Jesus' prediction of the destruction of the Temple is a prophecy of the Cross and the Resurrection is the beginning of the new Temple, which is the body of Christ. Benedict XVI notes: "Interpreted at its deepest level, the prophecy of the Resurrection is also a prophecy of the Eucharist. The body of Christ sacrificed and precisely as sacrificed is living." (43)

With no Temple, "the sacrifice is the "word," the word of prayer, which goes up from man to God, emobdying the whole of man's existence and enabling him to become 'word' (logos) in himself. It is man, conforming himself to logos and becoming logos through faith, who is the true sacrifice, the true glory of God in the world." (46) However, disembodied prayer is insufficient:
"The Word alone is not enough."

The experience of Israel in exile coming to God with empty hands, only prayer, and the philosophy of logos in the Greek world are both incorporated into Christian worship. However, just as the Word alone in Exilic worship is not enough: "the Hellenistic Logos-Mysticism, however grand and beautiful, allows the body to fall into insubstantiality." This Word or Logos alone worship is Gnostic. Benedict XVI then writes:

"The idea of the sacrifice of the Logos becomes a full reality only in the Logos incarnatus, the Word who is made flesh and draws 'all flesh' into th glorification of God. . . The two themes that Psalm 51 could not reconcile, the two themes that throughout the OT keep running toward one another, now really converge. . . In Jesus' self-surender on the Cross, the Word is united with the entire reality of human life and suffering. There is no longer a replacement cult. Now the vicarious sacrifice of Jesus take us up and leads us into that likeness with God, that transformation into love, which is the only true adoration." (47)

So the Eucharist is the focal point where all the lines meet. "Here at last is right worship" says Benedict XVI. "In the pierced heart of the Crucified, God's own heart is opened up - here we see who God is and what he is like." (48)

In summing up this rich and profound chapter, Benedict XVI makes four points.

1. Christian worship cannot be viewed simply as a Christianized form of the synagogue service even though its form owes much to the synagogue service. The synagogue was always oriented toward the Temple and Christian worship embodies the fulfillment of the Temple by the true sacrifice of the Eucharist. Whereas liberal theology sees the "Word alone" worship of the synagogue as an advance in the history of religion over the sacrificial system of the Temple, Christian worship does not. Where I wrote "liberal" in the previous sentence I almost wrote "Protestant" but I'm not willing to concede that point yet. Protestant worship certainly tends toward Gnosticism and man-centered moralism, but need not do so. But in order to avoid going off the rails here, Protestant theology must listen humbly to the Church Catholic speaking through the mouth of Benedict XVI.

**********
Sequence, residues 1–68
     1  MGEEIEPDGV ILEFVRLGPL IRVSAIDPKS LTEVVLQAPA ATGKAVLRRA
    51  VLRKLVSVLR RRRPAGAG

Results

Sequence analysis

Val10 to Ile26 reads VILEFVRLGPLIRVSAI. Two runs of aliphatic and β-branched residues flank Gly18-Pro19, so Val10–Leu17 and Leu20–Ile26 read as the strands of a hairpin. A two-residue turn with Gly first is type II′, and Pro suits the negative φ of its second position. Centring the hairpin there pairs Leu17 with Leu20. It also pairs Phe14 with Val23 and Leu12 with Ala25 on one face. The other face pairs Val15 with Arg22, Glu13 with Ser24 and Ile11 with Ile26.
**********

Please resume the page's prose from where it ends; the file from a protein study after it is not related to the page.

2. Christian worship is universal worship: "to celebrate the Eucharist means to enter into the openness of a glorification of God that embraces both heaven and earth, an openness effected by the Cross and Resurrection. (49)

3. Divine worship is the confluence of several streams: the spiritual movement of the OT, the process of inner purification within the history of religion, human quest, and divine response. "The logos of creation, the logos in man, and the true and eternal Logos made flesh, the Son, come together." (50) All this is implied in the term "Eucharist," compared to which the terms "meal" or "assembly" are inadequate by comparison. "Eucharist points to the universal form of worship that took place in the Incarnation, Cross and Resurrection of Christ." (50)

4. Christian liturgy is a liturgy of hope; it is a quest for a goal. The new Temple is under construction but has not yet been revealed in its glory. "Christian liturgy is liturgy on the way, a liturgy of pilgrimage toward the transformation of the world, which will only take place when God is 'all in all.'" (50) We look forward to the day when the Heavenly Jerusalem comes down to earth and the whole creation is turned into the Temple of God.